Imagery of Regent people and campus

Trauma Team Travels to Philippines

By Brett Wilson | February 28, 2014

Dr. Benjamin Keyes with 2014 trauma trainees.
Photo courtesy of Dr. Benjamin Keyes.

Three months after the water rushed away from Typhoon Yolanda in the Philippines, most of what remains is rubble and a community of hurting people.

Last month, Regent University's Trauma Team, led by School of Psychology & Counseling (SPC) professor and director of the Center for Trauma Studies, Dr. Benjamin Keyes, along with SPC alumnae Jennifer Cotton '13 and Nicole DiLella '10, traveled to meet the psychological needs of the impacted residents of Tocloba and other nearby islands.

"The problem with Tocloba is that there is no money, and it took two weeks for teams to get clearances for practical aid to people out there," said Keyes. "The rubble is still there; it's still a mess."

Keyes and his team were hosted by the University of Asia and the Pacific. There, they trained 80 members of clergy and non-government organizations (NGO) representatives, teachers, clinicians and emergency-response personnel in basic field trauma.

"The Filipinos were amazingly invested, studious and really just wanted this information. They were very serious about their training, and I was impressed with their dedication to being there," said Keyes.

Through the midst of the training process, Keyes discovered that the very people he was planning to help—many of whom were first-responders to the typhoon within 48 hours of its strike—had not been debriefed after experiencing traumas of their own.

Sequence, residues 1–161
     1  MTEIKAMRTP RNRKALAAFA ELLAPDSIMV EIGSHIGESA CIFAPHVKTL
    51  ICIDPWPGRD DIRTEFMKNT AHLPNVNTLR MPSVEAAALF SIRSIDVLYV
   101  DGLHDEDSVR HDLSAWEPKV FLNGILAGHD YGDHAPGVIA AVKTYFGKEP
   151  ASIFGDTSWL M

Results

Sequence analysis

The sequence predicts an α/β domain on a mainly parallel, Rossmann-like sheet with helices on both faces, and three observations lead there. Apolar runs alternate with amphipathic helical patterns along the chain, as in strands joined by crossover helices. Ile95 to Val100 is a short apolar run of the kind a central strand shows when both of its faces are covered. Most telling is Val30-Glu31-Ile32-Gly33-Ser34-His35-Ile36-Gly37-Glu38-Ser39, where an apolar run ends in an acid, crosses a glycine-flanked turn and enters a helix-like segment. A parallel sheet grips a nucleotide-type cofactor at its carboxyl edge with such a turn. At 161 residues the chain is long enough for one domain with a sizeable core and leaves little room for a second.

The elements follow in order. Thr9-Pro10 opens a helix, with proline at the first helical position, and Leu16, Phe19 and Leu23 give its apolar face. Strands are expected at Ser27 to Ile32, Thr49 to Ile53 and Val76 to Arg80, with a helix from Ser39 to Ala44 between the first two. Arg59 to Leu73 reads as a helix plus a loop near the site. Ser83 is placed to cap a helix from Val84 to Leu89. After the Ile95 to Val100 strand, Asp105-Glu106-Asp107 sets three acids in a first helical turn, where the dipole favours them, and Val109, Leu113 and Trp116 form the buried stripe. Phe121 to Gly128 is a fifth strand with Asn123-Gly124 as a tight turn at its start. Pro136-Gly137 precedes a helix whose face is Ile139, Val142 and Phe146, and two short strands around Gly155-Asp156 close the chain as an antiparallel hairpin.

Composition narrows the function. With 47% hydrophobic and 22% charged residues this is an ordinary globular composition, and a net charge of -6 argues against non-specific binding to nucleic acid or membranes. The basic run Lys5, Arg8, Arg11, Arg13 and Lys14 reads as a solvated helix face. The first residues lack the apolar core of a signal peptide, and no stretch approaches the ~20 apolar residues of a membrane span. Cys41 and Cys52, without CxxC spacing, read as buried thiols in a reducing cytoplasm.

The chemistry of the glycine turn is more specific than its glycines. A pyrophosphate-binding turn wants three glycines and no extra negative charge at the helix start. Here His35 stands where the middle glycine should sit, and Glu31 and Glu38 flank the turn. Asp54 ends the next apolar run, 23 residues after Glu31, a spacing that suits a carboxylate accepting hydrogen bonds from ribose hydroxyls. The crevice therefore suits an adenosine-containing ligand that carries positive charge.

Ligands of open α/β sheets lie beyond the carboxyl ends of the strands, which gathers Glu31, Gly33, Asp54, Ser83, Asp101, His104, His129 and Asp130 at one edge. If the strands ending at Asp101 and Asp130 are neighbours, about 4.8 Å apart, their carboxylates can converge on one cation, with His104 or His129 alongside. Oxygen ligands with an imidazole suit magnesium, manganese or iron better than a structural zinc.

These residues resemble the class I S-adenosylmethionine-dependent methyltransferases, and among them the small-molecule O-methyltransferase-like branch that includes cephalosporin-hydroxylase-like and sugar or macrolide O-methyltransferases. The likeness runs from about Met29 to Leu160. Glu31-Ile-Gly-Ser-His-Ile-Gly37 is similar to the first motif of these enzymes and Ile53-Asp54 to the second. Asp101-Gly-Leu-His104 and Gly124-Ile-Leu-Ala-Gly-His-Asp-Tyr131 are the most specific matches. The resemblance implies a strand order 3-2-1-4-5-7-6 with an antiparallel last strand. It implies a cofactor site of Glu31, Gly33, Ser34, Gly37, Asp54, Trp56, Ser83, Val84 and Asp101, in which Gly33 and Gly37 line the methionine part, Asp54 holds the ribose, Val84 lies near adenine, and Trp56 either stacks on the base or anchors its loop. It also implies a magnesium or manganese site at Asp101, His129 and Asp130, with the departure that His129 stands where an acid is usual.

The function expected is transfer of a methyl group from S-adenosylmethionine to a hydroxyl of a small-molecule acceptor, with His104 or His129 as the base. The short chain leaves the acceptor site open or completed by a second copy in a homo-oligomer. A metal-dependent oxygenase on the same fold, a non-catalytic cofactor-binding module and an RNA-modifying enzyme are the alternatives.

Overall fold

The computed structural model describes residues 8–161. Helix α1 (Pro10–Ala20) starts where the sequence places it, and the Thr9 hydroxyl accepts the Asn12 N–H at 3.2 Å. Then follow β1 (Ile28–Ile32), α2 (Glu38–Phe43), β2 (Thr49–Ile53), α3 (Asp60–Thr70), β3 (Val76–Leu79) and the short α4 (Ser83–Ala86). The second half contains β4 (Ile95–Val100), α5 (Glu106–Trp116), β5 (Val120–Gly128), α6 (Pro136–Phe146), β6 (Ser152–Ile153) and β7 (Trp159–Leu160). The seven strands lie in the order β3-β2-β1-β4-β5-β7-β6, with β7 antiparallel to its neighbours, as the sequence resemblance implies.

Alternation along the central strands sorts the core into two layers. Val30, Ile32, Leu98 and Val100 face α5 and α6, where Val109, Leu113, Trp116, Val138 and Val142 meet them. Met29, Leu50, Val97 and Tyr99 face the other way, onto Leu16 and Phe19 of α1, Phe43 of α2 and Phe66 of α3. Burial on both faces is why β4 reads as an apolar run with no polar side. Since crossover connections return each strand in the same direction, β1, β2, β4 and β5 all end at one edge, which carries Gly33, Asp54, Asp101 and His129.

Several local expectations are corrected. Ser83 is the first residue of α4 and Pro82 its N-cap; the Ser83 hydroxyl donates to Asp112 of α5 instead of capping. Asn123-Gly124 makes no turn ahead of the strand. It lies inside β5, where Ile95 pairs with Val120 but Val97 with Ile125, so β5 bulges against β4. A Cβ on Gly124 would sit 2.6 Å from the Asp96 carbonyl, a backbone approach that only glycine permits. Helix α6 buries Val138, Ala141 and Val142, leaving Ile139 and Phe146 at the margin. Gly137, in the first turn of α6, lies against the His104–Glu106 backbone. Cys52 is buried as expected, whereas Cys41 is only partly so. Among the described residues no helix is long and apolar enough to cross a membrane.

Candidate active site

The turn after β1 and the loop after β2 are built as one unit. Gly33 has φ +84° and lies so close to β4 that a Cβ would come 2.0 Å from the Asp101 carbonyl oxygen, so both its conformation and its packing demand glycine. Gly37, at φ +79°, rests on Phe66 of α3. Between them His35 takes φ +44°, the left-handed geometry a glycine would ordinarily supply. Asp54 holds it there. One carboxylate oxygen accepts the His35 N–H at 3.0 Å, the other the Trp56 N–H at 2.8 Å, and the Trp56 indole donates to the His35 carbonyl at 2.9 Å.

Keyes explained that this process is geared to reduce the effects of Post-Traumatic Stress Disorder (PTSD), and many of those who spent time training were suffering from tell-tale symptoms such as irritableness, experiencing nightmares and, at times, avoidance.

"Debriefing is important because it helps to alleviate guilt and the feeling that they could have done more," said Keyes. "It's best to do it right after a traumatic event, but because this was three months later, it was clear to us that these people had really experienced quite a lot."

Keyes and his teammates worked with the director of the team on site and taught them the model, so that in the future, the first-responders may have debriefing as a part of their policy.

"That's really a part of what our mission is about, it's to train local people in the various things that we have and we do so that they, in turn, can train people that they work with."

This method of training is what encouraged the president of the University of Asia to pursue a formal relationship with Regent and the Center for Trauma Studies. Keyes expressed his hope to foster this relationship in the future—and to encourage clinicians of all kinds in overcoming trauma as well as deepening their faith in God.

"It's amazing what a strong faith can do," said Keyes. "Everyone was there for a purpose and they truly believe, as I do, that trauma training is a way of practicing our faith."

Learn more about the Center for Trauma Studies and the School of Psychology & Counseling.


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